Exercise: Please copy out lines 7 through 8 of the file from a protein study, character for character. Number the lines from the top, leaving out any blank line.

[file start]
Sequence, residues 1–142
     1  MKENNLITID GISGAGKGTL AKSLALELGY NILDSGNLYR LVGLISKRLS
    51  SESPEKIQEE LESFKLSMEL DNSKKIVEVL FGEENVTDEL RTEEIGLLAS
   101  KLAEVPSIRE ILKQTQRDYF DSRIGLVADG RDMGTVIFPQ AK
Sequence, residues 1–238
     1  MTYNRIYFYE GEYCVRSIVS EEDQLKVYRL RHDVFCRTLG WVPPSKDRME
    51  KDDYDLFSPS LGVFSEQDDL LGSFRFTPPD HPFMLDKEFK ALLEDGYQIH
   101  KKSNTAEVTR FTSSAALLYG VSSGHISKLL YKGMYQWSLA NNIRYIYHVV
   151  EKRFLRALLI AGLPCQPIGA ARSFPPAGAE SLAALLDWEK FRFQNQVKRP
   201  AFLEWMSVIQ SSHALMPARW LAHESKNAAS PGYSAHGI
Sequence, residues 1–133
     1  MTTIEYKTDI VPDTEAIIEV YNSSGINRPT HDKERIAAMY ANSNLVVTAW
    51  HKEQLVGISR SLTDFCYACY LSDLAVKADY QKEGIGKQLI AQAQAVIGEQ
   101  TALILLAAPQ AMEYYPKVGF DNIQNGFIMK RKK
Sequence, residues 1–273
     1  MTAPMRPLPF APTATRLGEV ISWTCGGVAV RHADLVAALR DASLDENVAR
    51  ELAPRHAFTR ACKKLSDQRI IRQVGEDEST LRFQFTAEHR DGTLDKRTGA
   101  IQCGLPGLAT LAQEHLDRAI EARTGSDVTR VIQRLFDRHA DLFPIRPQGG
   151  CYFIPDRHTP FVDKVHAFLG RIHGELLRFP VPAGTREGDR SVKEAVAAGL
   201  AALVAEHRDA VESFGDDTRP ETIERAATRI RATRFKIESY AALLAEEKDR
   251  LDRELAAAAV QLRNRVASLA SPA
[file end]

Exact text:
    51  KDDYDLFSPS LGVFSEQDDL LGSFRFTPPD HPFMLDKEFK ALLEDGYQIH
   101  KKSNTAEVTR FTSSAALLYG VSSGHISKLL YKGMYQWSLA NNIRYIYHVV